The Family Rain have had a big 2013. At the start of the year they had just one single to their name (released on indie label Bigger Splash Records), no records out, and a small but devoted following around their hometown of Bath, Somerset. As the year draws to a close, however, the band has reached a few more milestones. They’ve put out an EP on a major label (Mercury), toured with The Courteeners, Miles Kane and Jake Bugg, warmed up for no lesser a band than The Rolling Stones in Hyde Park over the summer and recorded a debut LP that’s jostling for space with records by Grimes and The Horrors in the NME’s list of albums to look out for in 2014.
In short, it’s been a productive year. The brothers (identical twins Will (vocals, bass) and Tim (drums), and younger brother Ollie (guitar)) headed out to Berlin in spring with semi-legendary producer Jim Abbiss – the man behind records by Arctic Monkeys, Adele and Kasabian – to produce said LP, the upcoming Under the Volcano. “It was great,” says Will, “We wanted to sound like we were in an exciting place, and hope that that comes across on the record, which I think it does. Berlin was the first time that it felt real because we were signed five months before that, and when we were flying out on that plane it was like “shit, this is where the whole thing starts.” Just the fact that we went somewhere else to record it made it feel special from the off.”
Abbiss, as renowned for his work with trip-hop acts like Massive Attack in the ‘90s as his hand in ‘00s indie classics, added some nuance to the group’s traditional blues rock sound and pointed them in some new directions. “We credit Jim as being the man who pulled us out from what we were doing and gave us some pointers for what we could do better,” Will continues, “It was an intense environment; we had two days off in the three and a half weeks we were there.” And the focus shows; the resulting sound, trickling out as it has done over an erratic series of singles in the past few months, is equal parts raw and mature, with soul-loop drumbeats accompanying whiskey-soaked guitar riffs.
Of course, recording the music has only been half of the equation, if not less. For a band who are still working to make a name, touring is essential. When I met them before their show in the Oxford O2, they were preparing for their sixth gig in six nights, on what is their fourth tour this year, not to mention slots at Reading & Leeds and other festivals. In the process, they’ve learned from their peers: “We likened [the Jake Bugg tour] to a cruise line” says Tim, “because everything was so big in terms of the amount of people working on the tour; you hardly got to know anyone, everyone just kept themselves to themselves.”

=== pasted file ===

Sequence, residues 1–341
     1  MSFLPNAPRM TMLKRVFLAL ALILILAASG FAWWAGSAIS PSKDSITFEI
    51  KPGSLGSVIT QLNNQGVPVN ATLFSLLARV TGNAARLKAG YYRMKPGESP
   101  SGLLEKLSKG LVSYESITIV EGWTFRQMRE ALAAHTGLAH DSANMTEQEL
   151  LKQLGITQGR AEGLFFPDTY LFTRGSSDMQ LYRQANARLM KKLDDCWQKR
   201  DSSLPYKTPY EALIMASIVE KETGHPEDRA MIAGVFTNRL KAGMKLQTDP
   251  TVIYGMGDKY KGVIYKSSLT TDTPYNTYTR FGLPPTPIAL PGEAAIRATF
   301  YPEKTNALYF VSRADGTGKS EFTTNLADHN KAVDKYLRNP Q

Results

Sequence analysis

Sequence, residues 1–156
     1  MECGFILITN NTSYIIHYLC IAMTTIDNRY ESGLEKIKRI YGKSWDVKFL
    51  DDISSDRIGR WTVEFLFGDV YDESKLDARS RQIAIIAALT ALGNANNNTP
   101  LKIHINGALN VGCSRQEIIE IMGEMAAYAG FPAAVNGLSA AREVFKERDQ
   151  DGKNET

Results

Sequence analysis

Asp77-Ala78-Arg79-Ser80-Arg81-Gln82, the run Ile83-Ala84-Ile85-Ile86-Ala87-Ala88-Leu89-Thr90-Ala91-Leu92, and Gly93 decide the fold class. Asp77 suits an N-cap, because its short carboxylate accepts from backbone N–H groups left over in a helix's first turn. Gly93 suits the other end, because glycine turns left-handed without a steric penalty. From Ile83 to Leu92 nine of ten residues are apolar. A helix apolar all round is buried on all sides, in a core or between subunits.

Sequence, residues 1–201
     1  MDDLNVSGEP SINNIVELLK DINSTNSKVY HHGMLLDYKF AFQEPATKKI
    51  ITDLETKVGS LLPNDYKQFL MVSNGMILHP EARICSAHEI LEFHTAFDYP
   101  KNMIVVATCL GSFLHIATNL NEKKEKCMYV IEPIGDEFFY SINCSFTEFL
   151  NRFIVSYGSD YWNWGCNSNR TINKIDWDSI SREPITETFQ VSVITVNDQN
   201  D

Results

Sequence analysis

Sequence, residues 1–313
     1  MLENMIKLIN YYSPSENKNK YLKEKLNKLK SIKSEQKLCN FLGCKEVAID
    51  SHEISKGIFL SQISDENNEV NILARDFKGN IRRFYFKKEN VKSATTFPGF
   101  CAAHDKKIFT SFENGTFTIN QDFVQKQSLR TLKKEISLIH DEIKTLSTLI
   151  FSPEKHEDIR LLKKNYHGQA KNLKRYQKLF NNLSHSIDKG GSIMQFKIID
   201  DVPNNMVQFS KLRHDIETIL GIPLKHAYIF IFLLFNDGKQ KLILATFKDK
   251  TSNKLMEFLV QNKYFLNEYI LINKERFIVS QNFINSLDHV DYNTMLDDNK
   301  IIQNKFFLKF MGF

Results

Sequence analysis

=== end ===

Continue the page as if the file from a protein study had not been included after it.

Miles Kane’s touring ethic fitted the band better: “it was party central; we went out every night and it just flew by”, recalls Tim. Will adds: “It just felt more homely you know. We knew everyone there, from the lighting guy to the merch guy to the stage manager, within two days because they were all so up for hanging out. After that we decided that we wanted to do that kind of tour.” It’s unsurprising that a close-knit set-up suits the band – they are brothers after all. Touring as a family, of course, brings its own modus operandi: “Every single event is sorted out with an argument” says Will, “It’s a family thing you know; with families everything is sorted out with a blazing argument; it’s just necessary, and we’ve just got busier and busier which means we’ve got more stuff to sort out, which means we’ve got quite a lot of arguments.” But a lot of resolutions as well. “They’re all to an end; they’re all for a reason”, says Will. “We’re so used to each other’s company. It’s almost like a family holiday”, adds his brother.
The chemistry is definitely there when they come onstage later that night, and there’s a real sense that, after a year of recording and touring, everything is in its right place. That’s not to say that it’s a neat and tidy affair; this is old-fashioned blues rock, with all the beer, sweat and wailing guitar lines that that entails. The menacing lurch of ‘Reason to Die’ is incendiary, and the solo in ‘Trust Me… I’m a Genius’ (their first single) elicits a predictably excited response from the crowd.
I ask the band what it’s like to be making this sort of music in 2013. “As far as we’re concerned we’ve achieved the impossible, you know, getting signed to a major label, making rock ‘n’ roll music,” says Tim, “we just think we’re playing what the Rolling Stones played.”
Will is cautiously optimistic about the future: “I think currently, it’s gonna take us a lot longer to get to certain stages. Bands like Palma Violets and Peace that came up so quickly, you know, they just shot up… and it’ll take us a little longer because what we’re doing is essentially chipping away… because we’re more rocky, and that isn’t the hippest thing at the moment.
“[But] I think it’s always going to be needed, and that there’s a place for it and there always will be because people, at some point in their life or some point in their week, wanna let their hair down, and get drunk and just listen to a rock ‘n’ roll show… I think it’s a really English thing. Ever since all those kids were going crazy to the Stones and the Beatles… I think it’s just in our culture to want that, you know.”
It seems that it is, because Jim Abbiss and Mercury have faith in The Family Rain, and so does their steadily-increasing fanbase.
With Under the Volcano dropping in January and the touring not set to stop anytime soon, it looks like 2014 might turn out to be a big year for the band too.